This is a logical approach to increasing "electron pumping" in PV. Eventually, the technology should allow the inexpensive mass production of highly efficient PV cells using such an approach. The convergence of nanotechnology with PV offers much promise.

The problem with large-scale adoption of PV for power utilities is the need for utility-scale electrical storage. At this time, even for an off-the-grid residential installation, the highest costs lie with the storage batteries--to cope with extended sunless days and weeks.

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Neste Oil's New Biodiesel Outperforms All Others

Neste Oil's biodiesel plant in southern Finland imports vegetable oil, processes it to biodiesel with its own hydrogenation process, then exports most of its biodiesel at a profitable price. Neste claims that its new biodiesel outperforms both conventional diesel and other biodiesels.
Neste Oil has launched its 10% biodiesel blend in Finland this month.


The company introduced its European standard EN-590 diesel as the “world’s first renewable fuel suitable for all diesel engines”. It contains at least 10% biofuel of Neste’s own NExBTL brand. Neste claims EN-590 outperforms both regular diesel as well as other biodiesels on the market.

Neste produces its biodiesel at a 170,000 tonne-per-annum facility located in Porvoo, southern Finland, mainly from imported palm oil, rapeseed oil and animal fats. The company aims for 70% of its biodiesel inputs to be non-food crops within the next 10 years. "In about 2020 we strive to have all the raw materials we use from outside the food chain," said Simo Honkanen, who heads up Neste’s renewable fuels division. That could include both biomass and algae.

Currently most of Neste’s biodiesel is exported and the company is seeing a large demand for its product. A second biodiesel facility is expected to come online in Porvoo next year _RenewableEnergyMag__via_Checkbiotech
Due to higher fuel costs in Europe, profitability of advanced biodiesels such as Neste's may be easier to attain. As prices of fuel in the US rise, profitability for fossil fuel substitutes should improve--particularly as the quality of the product and efficiencies of processes improve.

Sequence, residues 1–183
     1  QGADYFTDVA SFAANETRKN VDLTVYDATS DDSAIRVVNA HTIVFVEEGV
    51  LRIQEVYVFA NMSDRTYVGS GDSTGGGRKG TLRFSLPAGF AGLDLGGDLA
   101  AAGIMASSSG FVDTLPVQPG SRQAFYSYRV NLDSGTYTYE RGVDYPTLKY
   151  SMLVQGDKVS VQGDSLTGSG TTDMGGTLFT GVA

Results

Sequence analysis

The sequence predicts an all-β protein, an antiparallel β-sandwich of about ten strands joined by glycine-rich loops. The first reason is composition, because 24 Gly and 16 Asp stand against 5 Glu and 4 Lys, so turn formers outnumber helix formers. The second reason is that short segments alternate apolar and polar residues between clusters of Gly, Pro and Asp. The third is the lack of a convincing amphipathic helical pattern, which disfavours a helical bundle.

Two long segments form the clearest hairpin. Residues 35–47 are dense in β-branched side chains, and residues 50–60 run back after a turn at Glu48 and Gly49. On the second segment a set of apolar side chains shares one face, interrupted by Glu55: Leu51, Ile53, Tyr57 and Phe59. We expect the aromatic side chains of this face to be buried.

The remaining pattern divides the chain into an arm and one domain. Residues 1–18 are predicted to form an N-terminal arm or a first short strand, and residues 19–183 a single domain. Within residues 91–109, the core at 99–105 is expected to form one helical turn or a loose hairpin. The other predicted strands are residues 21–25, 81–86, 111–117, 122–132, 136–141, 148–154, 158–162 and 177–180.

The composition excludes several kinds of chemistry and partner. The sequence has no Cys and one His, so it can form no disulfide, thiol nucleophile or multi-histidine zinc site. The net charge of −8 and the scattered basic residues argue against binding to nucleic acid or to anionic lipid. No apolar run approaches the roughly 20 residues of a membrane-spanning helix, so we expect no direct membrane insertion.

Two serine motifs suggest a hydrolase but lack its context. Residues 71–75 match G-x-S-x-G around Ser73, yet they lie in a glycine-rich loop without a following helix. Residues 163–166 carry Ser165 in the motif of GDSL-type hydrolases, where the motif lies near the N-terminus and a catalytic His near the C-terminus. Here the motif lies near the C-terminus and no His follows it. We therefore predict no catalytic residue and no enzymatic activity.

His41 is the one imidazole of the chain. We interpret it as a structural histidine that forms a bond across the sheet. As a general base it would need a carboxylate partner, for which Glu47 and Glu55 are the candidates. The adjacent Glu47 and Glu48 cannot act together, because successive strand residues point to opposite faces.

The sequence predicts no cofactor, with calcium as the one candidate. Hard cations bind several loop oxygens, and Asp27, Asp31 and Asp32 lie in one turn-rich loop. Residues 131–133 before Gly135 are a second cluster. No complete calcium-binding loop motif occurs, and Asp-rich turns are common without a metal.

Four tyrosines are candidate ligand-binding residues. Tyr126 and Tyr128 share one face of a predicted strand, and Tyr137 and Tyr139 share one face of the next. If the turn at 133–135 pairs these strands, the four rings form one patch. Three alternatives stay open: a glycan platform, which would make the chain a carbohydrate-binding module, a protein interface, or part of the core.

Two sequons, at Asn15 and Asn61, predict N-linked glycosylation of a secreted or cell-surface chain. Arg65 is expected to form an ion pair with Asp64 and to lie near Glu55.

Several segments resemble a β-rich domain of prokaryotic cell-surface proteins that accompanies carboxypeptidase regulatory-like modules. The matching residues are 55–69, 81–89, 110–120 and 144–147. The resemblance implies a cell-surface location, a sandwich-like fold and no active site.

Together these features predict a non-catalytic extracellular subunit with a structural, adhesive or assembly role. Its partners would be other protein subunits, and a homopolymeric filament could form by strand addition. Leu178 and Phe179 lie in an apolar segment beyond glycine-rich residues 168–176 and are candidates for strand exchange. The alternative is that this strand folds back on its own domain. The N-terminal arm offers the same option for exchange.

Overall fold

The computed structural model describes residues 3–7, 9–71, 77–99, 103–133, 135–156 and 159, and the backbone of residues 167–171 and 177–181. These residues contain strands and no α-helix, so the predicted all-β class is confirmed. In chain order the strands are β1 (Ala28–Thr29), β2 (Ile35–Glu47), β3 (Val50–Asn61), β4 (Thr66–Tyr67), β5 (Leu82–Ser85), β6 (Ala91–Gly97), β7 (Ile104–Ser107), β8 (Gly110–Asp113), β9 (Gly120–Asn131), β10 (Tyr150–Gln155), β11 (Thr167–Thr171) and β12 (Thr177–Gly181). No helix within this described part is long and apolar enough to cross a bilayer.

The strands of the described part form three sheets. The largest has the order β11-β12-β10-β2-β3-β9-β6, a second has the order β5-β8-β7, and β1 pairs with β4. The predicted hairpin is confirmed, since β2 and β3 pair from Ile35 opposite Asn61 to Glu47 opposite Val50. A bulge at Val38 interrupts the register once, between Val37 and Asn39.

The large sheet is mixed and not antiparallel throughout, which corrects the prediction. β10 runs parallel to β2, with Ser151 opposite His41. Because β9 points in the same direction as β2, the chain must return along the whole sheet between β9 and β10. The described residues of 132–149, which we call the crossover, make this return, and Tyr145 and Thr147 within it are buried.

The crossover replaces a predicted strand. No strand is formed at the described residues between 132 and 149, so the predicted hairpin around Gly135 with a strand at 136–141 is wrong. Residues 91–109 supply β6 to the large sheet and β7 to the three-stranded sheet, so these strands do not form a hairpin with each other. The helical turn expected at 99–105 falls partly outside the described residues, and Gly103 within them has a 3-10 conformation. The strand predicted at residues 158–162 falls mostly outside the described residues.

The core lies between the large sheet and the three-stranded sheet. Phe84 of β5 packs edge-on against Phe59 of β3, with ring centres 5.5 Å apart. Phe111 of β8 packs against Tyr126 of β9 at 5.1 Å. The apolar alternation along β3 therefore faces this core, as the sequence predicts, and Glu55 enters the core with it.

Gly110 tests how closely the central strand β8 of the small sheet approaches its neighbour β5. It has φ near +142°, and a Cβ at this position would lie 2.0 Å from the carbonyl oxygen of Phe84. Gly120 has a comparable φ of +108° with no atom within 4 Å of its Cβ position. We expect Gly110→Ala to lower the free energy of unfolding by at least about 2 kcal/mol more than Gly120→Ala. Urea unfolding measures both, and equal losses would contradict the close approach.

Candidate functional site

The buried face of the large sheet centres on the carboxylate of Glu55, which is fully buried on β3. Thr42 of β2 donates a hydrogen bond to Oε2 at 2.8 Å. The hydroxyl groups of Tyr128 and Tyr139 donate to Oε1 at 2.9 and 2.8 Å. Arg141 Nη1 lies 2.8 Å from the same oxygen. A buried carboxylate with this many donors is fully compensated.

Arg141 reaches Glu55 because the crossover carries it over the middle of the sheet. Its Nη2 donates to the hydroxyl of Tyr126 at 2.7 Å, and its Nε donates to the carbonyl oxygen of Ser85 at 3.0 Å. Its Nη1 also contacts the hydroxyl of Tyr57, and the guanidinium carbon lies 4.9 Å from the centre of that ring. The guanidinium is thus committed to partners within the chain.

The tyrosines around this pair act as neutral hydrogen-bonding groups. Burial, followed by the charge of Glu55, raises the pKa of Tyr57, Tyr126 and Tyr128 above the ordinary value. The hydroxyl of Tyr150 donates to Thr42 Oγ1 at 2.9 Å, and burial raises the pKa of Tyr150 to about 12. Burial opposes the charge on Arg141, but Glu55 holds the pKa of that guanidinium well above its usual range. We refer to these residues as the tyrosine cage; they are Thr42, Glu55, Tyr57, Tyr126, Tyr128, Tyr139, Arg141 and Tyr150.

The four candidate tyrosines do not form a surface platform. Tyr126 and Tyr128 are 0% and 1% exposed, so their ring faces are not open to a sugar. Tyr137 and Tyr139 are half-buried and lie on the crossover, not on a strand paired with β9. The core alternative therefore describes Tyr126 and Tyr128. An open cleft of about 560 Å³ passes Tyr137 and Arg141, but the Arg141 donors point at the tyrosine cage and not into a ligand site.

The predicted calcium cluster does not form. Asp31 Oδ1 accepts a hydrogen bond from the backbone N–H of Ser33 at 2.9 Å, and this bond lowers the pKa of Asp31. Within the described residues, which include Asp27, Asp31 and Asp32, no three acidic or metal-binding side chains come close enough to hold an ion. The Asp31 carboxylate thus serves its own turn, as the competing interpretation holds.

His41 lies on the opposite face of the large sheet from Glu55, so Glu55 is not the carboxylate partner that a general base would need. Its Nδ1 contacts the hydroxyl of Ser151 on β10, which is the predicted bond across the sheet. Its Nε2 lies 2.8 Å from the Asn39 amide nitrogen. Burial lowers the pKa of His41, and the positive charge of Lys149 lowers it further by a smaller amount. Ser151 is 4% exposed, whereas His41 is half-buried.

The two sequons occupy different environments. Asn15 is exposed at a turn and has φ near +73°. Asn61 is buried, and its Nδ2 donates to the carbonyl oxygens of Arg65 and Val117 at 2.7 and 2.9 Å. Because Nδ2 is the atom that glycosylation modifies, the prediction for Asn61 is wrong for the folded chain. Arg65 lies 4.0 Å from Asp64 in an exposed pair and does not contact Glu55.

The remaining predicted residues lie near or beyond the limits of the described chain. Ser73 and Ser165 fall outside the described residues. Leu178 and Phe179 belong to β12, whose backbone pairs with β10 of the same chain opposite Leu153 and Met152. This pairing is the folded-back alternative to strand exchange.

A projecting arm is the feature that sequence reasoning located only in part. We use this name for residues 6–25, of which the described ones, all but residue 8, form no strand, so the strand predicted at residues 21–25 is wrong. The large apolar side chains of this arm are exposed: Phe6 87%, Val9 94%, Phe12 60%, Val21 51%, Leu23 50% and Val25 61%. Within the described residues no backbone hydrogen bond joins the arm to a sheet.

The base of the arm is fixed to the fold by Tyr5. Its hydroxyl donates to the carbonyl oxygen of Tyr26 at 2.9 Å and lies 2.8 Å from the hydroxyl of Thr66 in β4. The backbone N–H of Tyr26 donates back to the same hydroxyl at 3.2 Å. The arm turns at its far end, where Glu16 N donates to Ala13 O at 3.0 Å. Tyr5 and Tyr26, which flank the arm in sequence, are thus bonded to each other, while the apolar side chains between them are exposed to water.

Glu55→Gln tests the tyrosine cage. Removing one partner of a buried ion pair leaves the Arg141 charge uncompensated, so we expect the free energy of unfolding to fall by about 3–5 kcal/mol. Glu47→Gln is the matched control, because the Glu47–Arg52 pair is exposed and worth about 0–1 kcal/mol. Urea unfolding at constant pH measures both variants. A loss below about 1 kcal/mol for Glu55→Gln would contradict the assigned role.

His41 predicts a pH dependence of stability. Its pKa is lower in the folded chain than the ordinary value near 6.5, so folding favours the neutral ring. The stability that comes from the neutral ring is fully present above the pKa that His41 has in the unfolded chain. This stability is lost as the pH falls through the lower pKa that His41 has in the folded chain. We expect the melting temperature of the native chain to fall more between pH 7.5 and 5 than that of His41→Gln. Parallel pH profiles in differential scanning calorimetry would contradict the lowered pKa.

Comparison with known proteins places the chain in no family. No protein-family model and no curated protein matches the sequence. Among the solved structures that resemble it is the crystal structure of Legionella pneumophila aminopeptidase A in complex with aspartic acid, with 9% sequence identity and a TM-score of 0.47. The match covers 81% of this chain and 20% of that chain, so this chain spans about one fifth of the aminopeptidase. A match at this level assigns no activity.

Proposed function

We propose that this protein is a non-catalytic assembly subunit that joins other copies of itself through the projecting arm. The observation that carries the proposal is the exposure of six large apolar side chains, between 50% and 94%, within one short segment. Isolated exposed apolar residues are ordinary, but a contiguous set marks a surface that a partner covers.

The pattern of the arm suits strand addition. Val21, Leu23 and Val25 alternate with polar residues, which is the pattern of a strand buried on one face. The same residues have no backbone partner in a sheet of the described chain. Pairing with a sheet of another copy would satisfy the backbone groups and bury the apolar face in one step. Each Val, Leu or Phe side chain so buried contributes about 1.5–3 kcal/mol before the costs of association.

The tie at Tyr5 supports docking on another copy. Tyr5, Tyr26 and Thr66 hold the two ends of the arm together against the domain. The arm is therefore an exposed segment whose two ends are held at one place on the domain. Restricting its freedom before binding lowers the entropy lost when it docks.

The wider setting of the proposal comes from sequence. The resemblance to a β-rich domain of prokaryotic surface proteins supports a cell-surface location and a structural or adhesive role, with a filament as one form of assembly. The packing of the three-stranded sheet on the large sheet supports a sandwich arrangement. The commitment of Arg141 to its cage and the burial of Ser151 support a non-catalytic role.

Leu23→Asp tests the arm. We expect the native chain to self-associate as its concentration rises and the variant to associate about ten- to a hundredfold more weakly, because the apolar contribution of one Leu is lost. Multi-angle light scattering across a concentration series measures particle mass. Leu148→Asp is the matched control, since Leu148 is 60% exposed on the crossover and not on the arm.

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Garbage to Ethanol Picking Up

Garbage is gaining value as fuel feedstock, in addition to more traditional recycling of aluminium, glass, and plastic. Using a variety of processing methods, more companies are looking into converting garbage to ethanol and biodiesel.
CleanTech Biofuels is developing a multistep process designed to take municipal solid waste from a transfer station and turn out ethanol on the other side.
The company recently purchased the equipment and found a site in Golden, Colo., to test it using trash, as well other agricultural and forest wastes, to make ethanol. On Tuesday, it said that it trying to identify a site near landfills and garbage haulers to construct a commercial plant.

Within two years, the company expects to move from a proof-of-concept plant to a commercial plant, said Michael Kime, the company's chief operating officer.

"We can literally take a truck with curbside garbage and put it almost exactly as-is into our vessels--we just have to take out the large things like refrigerators," Kime said.

A number of projects have been proposed in the United States and Canada to convert solid waste into ethanol, using different techniques.

BlueFire Ethanol is a cellulosic-ethanol company that uses a proprietary acid hydrolysis process to break down organic wastes. It intends to start construction of a commercial-scale, 3.1 million gallon-per-year facility in Lancaster, Calif., which will be located next to a landfill.

Using gasification and enzymes, start-up Coskata said it can convert municipal solid trash into ethanol as well. In its first demonstration plant in Pennsylvania, Coskata intends to demonstrate its ethanol system using trash - and separately, wood chips - as a feedstock in less than a year, said Wes Bolsen, the vice president of business development and marketing at Coskata. __CheckBiotech
Thermochemical processing and gasification techniques can turn just about any type of carbon into hydrocarbons and alcohols. It is a matter of ingenuity combined with time to scale up processes and secure financing and regulatory permits.

For North America, the new energy processing plants have come along at precisely the right time--when large parts of the manufacturing sector have been moved overseas for cheaper labour and fewer litigational and regulatory hazards caused by government and a labyrinthine legal system. In China, regulatory problems can be made to disappear with a proper bribe.


Wednesday, May 14, 2008

Big Money Comes to Solar and Bio-Energy

A list of big-money interests who are backing solar energy and bio-energy projects includes Google, Morgan Stanley, BP, Chevron, DuPont, Genencor, and several others. Google, BP, and Chevron are backing Bright Source Energy, the solar thermal tower from Israel. DuPont and Genencor are backing a new joint cellulosic ethanol venture due to begin operation in a pilot plant in 2009. First the Bright Source backing: